Will Dividend-Paying Stocks Fall More Than the Market?
For years, investors have gravitated to dividend-paying stocks as the best of all possible worlds. With the potential for price appreciation as well as reliable, predictable investment income, dividend stocks pulled in not just conservative investors looking to lock in gains from the bull market but also income investors who traditionally used bonds and other investments until their income dried up.
Now, though, the stock market has finally taken a turn downward, and dividend investors have noticed that many of their favorite names are taking losses they had hoped to avoid. Are dividend-paying stocks doomed to underperformance?
Which dividend stocks are getting hit hardest?
So far, we've seen some evidence that dividend-paying stocks are doing worse than the overall market since the latest pullback began. Going back to the end of April, the iShares DJ Select Dividend ETF , which has a high concentration of strong dividend payers, has fallen about 4%, compared to a more-or-less flat performance from the S&P 500 and other broader benchmarks.
By itself, a 4-percentage-point difference isn't really big enough to get excited about. But certain stocks that are favorites among dividend investors have seen much more extensive declines. Utilities are extremely sensitive to interest rates, and most stocks across the sector have declined. Even with natural-gas prices on the rise and thereby helping to make its fleet of nuclear power plants more attractive, Exelon has sunk 18% since the beginning of May. Yet even in the more conventional utility arena, giant Duke Energy has suffered a 12% drop, and other utilities have shared their double-digit percentage declines. For Exelon, Duke, and the rest of the industry, large levels of debt make them extremely vulnerable to future rate changes, and while interest expense won't rise immediately, it will slowly go up as the companies have to refinance maturing debt at higher rates.
Master limited partnerships are also facing pressure. Kinder Morgan Energy Partners has declined almost 10% in the past month, with investors wondering whether the MLP's yield will be sustainable in a higher-rate environment. Certainly, some of Kinder Morgan's decline stems from company-specific news, including its decision late last month to cancel a proposed $2 billion pipeline that would have run from Texas to California. But other MLPs have seen more modest declines.
Finally, mortgage REITs have taken substantial hits since the Federal Reserve signaled the return of higher rates. American Capital Agency is down almost a third since the end of April, as shareholders prepare for what could be the end of favorable conditions for the mortgage-REIT industry and its high-leverage business model.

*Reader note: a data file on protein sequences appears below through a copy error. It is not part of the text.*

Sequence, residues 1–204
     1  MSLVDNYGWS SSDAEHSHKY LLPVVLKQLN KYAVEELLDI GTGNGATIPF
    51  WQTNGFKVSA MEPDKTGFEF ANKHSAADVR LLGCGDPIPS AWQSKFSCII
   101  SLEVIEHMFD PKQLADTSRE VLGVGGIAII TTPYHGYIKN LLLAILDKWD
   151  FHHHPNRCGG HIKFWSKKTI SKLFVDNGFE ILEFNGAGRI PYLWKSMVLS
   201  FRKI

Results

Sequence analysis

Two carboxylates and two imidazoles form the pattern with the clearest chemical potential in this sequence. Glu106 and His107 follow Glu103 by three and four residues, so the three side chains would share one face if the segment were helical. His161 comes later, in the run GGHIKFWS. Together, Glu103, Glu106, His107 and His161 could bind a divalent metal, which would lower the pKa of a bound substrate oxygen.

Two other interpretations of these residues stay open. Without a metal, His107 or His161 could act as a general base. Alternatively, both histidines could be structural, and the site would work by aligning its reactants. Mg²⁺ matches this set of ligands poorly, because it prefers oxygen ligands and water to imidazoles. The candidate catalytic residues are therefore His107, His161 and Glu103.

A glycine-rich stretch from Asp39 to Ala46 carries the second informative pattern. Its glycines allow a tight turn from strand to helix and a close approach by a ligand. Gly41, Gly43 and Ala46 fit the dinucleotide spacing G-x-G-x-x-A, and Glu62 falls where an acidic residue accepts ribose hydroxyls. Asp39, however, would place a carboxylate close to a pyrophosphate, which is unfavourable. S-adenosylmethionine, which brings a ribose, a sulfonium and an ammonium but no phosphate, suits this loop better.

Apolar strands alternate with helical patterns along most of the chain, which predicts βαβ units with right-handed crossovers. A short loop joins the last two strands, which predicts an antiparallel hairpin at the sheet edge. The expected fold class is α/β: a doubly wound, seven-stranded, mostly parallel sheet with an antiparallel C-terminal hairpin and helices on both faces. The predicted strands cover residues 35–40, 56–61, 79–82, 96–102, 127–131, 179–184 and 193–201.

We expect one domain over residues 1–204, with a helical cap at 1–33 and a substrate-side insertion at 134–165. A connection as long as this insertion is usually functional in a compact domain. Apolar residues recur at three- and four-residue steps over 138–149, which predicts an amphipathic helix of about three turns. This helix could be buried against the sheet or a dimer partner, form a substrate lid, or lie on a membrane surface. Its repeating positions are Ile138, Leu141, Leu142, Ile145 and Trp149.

Why dividend stocks are falling
The key to understanding the pressure that dividend-paying stocks are seeing is to go back to what made investors buy them in the first place. For those who've understood the power of dividends all along, dividend stocks will remain a vital part of their overall portfolios, so they're unlikely to buy or sell based on short-term conditions.
But for those who bought dividend payers as substitutes for bonds, higher rates on fixed-income alternatives will entice them to return to bonds and sell off their dividend stocks. Consider: The average P/E on the iShares dividend ETF has risen to more than 19, implying an earnings yield of just over 5%. With a dividend yield of 3.6%, there's not much extra room for the ETF's underlying components to grow.
In the end, two scenarios could produce a dividend-stock decline. If rates keep rising, then bonds could recapture the attention of income investors, leading to a broad sell-off. Meanwhile, if growth stocks start to outperform mature dividend payers, then stock investors will chase that performance, selling off their dividend stocks and leading to potential declines in an asset-allocation shift.
Watch those dividends!
The crosscurrents in dividend-paying stocks will be interesting to watch for months to come, as the Federal Reserve starts to implement its promised new policies. With several scenarios that could produce further declines, be sure to watch your portfolio's risk level to make sure you're not overexposed to adverse conditions in the future.
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The article Will Dividend-Paying Stocks Fall More Than the Market? originally appeared on Fool.com.
Fool contributor Dan Caplinger owns shares of iShares DJ Select Dividend ETF. You can follow him on Twitter @DanCaplinger. The Motley Fool recommends Exelon. Try any of our Foolish newsletter services free for 30 days. We Fools may not all hold the same opinions, but we all believe that considering a diverse range of insights makes us better investors. The Motley Fool has a disclosure policy.
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